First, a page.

PROVO — With the continous trend in college athletics to break out throwback gear, BYU hasn't missed out on the opportunity to take it to the next level.
When the idea to create a go-to secondary logo came along last year, BYU’s licensing and marketing teams decided to stick with tradition and add a modern twist to BYU’s beloved “Sailor Cougar” logo.
“We have the Stretch Y logo as the main logo, and we wanted to have a secondary logo that could incorporate a cougar somehow,” said Duff Tittle, BYU’s Associate Athletic Director over communications. “During the process of it, we all knew about this (Sailor Cougar) one and said, ‘What if we just cleaned that one up a little bit?’”
The idea took off for BYU, which has formally adopted the logo as its official sidekick to the Stretch Y. The emblem has already made appearances on the men’s basketball uniforms and shooting shirts.
In 1999, BYU introduced several new logos in an all-out rebranding. The addition of tan as a complement to the darker shade of blue was never really welcomed by fans, nor were the new logos — but once the Cougars officially ditched the old look, it left them desolate of an official secondary mark.
“The logos we had weren’t really resonating with the fans,” said Adam Parker, BYU’s Licensing and Trademark Manager. “We talked to a design firm about creating a new one, but then we realized, ‘Hey, we have one under our nose.’”
A clear-cut secondary logo hasn’t necessarily been essential for BYU's football program, as its uniforms' classic design doesn't need a logo aside from the Stretch Y. Now that an official secondary mark has emerged, though, the uniforms may be in for an update.
“I imagine that, at some point, it may appear (on the jerseys),” said Tittle. “Bronco (Mendenhall) is one of the ones that really liked it and brought it back, thus it was on the (special teams) flag several years ago. They’ve been using it on workout gear for quite a while.”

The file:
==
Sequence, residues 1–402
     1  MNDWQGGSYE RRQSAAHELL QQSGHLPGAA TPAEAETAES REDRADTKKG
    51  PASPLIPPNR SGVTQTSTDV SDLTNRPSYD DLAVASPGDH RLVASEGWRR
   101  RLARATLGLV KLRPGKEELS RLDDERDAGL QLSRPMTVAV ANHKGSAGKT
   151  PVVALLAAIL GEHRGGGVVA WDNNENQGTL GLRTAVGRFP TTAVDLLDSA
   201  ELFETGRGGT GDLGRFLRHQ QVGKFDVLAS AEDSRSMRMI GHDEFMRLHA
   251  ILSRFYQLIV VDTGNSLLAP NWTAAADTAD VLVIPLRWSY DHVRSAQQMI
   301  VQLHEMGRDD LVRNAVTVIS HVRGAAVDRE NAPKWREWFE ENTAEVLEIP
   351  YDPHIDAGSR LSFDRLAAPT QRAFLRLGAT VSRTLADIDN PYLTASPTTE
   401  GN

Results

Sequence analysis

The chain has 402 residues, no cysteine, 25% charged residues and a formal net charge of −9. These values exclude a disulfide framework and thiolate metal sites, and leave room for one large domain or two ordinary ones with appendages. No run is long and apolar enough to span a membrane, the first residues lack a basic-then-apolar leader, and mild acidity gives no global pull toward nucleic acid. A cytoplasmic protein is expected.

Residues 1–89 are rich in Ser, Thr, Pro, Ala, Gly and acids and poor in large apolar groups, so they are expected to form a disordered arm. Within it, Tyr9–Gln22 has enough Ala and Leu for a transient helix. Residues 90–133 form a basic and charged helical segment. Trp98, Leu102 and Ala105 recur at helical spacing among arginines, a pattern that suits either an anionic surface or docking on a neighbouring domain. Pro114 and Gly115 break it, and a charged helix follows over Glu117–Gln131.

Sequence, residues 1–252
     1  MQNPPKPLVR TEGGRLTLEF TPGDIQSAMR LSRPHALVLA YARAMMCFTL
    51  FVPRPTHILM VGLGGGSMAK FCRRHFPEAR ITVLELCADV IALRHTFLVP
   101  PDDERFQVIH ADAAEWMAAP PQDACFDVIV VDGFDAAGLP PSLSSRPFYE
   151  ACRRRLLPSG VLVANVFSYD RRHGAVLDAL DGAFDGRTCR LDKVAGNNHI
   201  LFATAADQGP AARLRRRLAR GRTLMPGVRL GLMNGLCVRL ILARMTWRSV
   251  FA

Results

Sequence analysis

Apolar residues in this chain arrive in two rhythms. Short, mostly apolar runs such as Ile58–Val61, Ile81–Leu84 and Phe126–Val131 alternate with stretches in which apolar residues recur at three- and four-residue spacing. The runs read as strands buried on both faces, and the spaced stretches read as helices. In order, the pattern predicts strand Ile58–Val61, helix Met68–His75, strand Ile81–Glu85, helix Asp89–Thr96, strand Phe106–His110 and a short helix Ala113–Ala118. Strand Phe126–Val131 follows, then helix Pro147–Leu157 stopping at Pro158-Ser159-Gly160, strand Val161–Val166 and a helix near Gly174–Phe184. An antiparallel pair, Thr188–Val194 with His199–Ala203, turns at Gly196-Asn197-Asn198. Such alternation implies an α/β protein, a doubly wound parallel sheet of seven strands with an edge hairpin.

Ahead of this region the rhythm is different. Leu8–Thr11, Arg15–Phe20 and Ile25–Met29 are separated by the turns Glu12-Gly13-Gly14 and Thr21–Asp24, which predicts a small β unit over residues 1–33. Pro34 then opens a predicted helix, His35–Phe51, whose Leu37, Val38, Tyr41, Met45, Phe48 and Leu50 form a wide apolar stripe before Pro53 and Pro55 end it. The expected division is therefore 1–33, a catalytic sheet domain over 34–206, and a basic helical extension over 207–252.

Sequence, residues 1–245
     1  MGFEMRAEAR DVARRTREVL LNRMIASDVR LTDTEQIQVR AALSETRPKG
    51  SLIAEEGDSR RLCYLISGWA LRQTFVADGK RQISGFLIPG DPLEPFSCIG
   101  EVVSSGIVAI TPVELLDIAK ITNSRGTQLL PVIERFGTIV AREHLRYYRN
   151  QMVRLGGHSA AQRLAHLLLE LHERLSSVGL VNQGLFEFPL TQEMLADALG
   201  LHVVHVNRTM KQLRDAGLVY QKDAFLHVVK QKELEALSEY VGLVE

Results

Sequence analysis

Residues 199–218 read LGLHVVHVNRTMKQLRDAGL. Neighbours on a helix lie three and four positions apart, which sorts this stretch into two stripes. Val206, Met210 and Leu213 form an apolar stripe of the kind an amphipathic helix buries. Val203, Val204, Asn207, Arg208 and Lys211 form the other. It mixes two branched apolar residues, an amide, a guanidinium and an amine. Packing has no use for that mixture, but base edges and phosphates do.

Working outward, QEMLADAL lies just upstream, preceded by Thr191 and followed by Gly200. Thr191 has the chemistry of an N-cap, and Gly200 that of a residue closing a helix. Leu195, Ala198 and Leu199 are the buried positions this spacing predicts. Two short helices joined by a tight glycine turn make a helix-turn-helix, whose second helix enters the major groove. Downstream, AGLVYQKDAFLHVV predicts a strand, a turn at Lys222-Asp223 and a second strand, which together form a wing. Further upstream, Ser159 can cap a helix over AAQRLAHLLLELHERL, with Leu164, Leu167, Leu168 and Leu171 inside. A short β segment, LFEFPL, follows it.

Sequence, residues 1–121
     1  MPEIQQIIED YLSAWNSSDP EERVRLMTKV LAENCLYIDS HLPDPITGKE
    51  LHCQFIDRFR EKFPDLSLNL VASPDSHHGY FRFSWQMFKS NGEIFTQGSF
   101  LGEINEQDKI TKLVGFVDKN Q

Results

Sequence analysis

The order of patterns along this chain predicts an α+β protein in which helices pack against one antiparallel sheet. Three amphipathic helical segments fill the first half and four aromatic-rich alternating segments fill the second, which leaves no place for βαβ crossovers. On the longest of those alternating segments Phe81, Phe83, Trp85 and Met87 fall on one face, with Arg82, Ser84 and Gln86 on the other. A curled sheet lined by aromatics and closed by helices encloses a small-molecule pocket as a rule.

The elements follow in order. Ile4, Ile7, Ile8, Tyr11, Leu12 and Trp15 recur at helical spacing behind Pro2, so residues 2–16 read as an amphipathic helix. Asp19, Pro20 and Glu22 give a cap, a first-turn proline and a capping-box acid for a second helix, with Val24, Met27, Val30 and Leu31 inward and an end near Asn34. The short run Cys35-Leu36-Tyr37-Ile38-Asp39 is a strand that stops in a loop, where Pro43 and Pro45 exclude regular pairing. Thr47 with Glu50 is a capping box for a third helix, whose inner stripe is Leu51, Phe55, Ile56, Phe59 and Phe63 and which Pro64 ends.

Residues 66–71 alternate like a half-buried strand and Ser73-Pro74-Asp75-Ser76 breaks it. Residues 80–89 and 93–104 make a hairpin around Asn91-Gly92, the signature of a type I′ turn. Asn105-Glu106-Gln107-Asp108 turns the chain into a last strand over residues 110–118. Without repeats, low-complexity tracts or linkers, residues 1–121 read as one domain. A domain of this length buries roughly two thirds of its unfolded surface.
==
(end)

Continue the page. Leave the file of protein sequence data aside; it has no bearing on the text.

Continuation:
The whole throwback theme hasn’t been lost on just the logo, though. Bronco Mendenhall has made it an annual tradition to sport royal-blue throwbacks on the football field, and the basketball program has welcomed 1980s-era alternates to its wardrobe, beginning last season.
The hoops team has adopted royal as a permanent accent color on its road uniforms this year as well, in addition to the darker blue. Royal has quickly become a fan-favorite, though — and a permanent switch back to the lighter shade may not be out of question.
“It could happen. Never say never,” said Parker. “Through all the approvals and all the people we’d have to go through internally (to make it permanent), it would take a bit.”
“We’re having discussions on some of the color schemes right now,” added Tittle. “The university’s had a variety of shades of blue over the years. … As of right now, it’s strictly being used for specialty games.”
Nike has been known for throwing in its own shade of grey to uniforms and merchandise, Parker says. Although it is not an official university color, grey could show up as an accent color to the navy more frequently on apparel in the future.
Moving back to the traditional look — the throwback logo and royal blue — is an interesting idea from the marketing department. The jury is still out on whether the new logo will stick, but one thing is clear: the Stretch Y finally has a sidekick.
“We try to use the Stretch Y as much as possible,” said Tittle. “There have simply been too many logos, and we're trying to change that. … The new alternate logo will be our official secondary logo moving forward.”
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